The Pentagon has given preliminary approval to a joint venture between Boeing Co. and Lockheed Martin Corp. for military-rocket launches, endorsing a rare monopoly that could set a precedent for defense contractors facing slower military spending, said industry and government officials.
After seven months of deliberations and some false starts, the companies have convinced the Pentagon of the venture's projected cost savings, these officials said. Now, the Pentagon is drafting language to provide the antitrust protection sought by Northrop Grumman Corp. and a fledging rocket maker, which contend that their respective satellite and launch businesses would be hurt by the Boeing-Lockheed monopoly.
Final federal approval is still at least weeks away, the officials cautioned, but an important hurdle has been cleared. Pentagon acquisition chief Kenneth Krieg, senior Air Force officials and Pentagon lawyers have agreed to recommend the proposed joint venture to the Federal Trade Commission, which has the authority to approve the deal.
The commission is expected to follow the Pentagon's recommendation, the knowledgeable officials said. Both Boeing, of Chicago, and Lockheed, of Bethesda, Md., have signaled their willingness to accept the competitive safeguards currently being drafted, industry officials said.
"It is becoming increasingly clear that an agreement in principle has been reached" to proceed with the combination, said James McAleese, an industry consultant in McLean, Va., who has closely tracked the debate inside the military. "The only big question left seems to be when the Pentagon makes its recommendation for approval to the FTC."
A Pentagon spokeswoman said the matter is still under consideration and no final decision has been made. Boeing and Lockheed spokesmen said the companies are optimistic that the joint venture will be approved and are continuing to provide information sought by the government.
Boeing and Lockheed are bitter rivals and have been embroiled in a legal dispute for years over proprietary Lockheed rocket documents that were improperly obtained and used by Boeing. Their announcement in May to form the United Launch Alliance and set aside their legal battle -- if the deal is completed -- signaled how desperately they needed to team up in order to salvage their struggling rocket-launch divisions.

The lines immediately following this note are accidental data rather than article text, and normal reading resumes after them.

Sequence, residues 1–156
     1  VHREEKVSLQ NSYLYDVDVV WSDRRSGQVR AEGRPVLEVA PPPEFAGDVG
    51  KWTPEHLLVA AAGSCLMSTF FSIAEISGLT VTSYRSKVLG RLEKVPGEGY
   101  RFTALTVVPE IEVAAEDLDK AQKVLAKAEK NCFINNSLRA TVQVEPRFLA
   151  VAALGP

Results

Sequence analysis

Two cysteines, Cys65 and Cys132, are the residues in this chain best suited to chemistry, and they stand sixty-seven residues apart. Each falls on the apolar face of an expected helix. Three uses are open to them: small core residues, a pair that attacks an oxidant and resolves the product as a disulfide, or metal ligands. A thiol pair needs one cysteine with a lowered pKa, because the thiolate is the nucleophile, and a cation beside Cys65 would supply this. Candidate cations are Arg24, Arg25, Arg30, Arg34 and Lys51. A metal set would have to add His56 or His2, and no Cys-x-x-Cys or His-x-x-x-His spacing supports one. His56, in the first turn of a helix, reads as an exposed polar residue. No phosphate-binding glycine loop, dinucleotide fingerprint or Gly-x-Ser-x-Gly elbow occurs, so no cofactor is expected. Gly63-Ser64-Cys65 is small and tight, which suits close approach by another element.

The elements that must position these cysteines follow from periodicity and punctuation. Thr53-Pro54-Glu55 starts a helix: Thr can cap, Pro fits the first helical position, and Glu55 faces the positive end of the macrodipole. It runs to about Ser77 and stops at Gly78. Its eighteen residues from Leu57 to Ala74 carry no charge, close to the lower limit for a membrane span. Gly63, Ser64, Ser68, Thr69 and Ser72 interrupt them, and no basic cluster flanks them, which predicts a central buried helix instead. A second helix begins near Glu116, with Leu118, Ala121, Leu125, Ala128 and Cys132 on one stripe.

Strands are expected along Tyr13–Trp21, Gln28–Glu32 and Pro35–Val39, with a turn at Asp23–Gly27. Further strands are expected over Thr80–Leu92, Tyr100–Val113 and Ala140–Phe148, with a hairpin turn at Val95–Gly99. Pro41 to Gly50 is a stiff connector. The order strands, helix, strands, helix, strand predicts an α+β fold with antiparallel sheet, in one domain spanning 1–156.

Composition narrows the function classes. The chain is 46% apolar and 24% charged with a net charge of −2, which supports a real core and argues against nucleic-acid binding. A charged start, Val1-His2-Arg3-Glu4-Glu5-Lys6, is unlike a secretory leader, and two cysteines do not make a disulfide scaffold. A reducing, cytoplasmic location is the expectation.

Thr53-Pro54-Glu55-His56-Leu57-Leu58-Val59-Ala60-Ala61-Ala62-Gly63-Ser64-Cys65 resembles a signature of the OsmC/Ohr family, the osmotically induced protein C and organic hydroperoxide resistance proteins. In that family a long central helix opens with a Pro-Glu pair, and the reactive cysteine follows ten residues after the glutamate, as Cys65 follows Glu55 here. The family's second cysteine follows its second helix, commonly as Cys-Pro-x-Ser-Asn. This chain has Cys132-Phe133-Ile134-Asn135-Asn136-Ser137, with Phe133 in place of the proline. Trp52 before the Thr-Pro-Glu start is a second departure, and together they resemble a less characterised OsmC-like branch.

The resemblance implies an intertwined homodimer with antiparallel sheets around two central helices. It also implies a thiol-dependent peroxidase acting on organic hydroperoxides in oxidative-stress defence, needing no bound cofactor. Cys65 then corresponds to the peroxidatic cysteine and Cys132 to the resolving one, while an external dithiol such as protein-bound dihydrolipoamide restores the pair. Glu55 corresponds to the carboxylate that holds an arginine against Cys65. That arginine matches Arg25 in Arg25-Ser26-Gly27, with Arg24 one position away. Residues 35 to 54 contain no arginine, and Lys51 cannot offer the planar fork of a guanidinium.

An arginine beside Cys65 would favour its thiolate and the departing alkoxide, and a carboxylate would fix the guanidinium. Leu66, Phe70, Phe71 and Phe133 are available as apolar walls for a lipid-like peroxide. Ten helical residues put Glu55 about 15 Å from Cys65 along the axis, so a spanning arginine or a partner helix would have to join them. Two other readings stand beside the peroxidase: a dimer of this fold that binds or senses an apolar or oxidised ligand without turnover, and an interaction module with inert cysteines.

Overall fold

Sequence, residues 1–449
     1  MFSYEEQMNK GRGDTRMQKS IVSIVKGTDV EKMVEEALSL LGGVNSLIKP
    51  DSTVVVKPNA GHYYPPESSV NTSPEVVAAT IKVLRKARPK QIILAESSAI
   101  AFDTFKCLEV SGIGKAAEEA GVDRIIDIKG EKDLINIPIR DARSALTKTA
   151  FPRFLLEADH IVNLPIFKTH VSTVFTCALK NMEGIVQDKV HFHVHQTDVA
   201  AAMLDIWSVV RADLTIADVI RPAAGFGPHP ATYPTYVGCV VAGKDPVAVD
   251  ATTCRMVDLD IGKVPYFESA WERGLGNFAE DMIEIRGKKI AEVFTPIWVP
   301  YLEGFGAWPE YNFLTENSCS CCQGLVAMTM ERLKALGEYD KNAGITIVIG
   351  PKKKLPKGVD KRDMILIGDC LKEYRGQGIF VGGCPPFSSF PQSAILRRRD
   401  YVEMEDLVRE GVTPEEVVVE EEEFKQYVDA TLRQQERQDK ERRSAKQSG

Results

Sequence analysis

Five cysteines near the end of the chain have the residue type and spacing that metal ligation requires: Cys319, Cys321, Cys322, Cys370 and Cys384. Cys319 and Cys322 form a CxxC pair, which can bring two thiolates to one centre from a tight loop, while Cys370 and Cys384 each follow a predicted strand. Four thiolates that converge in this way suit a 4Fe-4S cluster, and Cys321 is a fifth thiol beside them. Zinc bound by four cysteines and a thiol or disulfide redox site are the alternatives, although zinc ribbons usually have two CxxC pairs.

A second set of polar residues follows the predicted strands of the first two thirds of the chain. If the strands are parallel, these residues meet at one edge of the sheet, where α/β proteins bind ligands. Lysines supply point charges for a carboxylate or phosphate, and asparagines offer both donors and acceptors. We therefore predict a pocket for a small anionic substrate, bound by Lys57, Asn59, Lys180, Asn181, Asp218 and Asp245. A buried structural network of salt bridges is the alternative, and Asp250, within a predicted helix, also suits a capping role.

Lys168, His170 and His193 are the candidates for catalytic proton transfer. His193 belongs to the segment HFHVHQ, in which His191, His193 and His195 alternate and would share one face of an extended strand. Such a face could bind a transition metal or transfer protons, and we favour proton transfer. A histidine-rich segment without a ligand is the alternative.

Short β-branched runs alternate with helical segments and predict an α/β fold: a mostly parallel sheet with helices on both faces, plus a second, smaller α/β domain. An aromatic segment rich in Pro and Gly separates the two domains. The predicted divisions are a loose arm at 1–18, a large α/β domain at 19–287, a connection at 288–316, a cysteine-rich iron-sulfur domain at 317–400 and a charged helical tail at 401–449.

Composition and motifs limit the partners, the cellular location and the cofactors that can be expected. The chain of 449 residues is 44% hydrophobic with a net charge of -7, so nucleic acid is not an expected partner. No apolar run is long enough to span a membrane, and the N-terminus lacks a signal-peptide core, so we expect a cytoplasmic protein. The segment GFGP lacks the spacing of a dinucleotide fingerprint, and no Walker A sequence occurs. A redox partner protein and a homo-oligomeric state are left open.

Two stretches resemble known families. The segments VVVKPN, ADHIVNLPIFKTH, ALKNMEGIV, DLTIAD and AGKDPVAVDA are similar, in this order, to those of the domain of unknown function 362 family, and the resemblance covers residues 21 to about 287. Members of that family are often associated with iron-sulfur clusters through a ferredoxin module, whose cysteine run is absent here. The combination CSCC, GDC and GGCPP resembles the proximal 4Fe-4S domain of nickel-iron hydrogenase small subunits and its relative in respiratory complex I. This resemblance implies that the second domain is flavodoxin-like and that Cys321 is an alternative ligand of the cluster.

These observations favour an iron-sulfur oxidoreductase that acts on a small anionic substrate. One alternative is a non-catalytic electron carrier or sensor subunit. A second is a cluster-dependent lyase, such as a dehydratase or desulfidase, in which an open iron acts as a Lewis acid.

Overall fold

The timetable for the joint venture has slipped as the companies struggled to justify projected cost savings of about $150 million a year and Pentagon officials weighed potential legal and antitrust consequences of such a venture.
Approval of the Boeing-Lockheed venture could set a precedent for a deeply consolidated defense industry now confronting Pentagon budget pressures. The Pentagon already accommodates the country's two nuclear-submarine makers by sharing work to keep them operating amid reduced purchases, but it has resisted mergers that create monopolies.
Steven Grundman, a former Pentagon official and now director of aerospace and defense at consulting firm Charles River Associates, said the rocket-launch deal could cross a new threshold to monopoly "depending on the conditions placed on the conduct of the joint venture." The knowledgeable government and industry officials declined to discuss the specific conditions being drafted.
Northrop, a major provider of government satellites based in Los Angeles, wants assurance that the joint venture won't block its contract opportunities. Closely held upstart rocket maker Space Exploration Technologies Corp., of El Segundo, Calif., has similar concerns. Elon Musk, the company's chief executive, said in an interview Friday that he has even broached the idea of the Air Force paying for a demonstration launch of SpaceX's largest rocket as a way of supporting a smaller rival.
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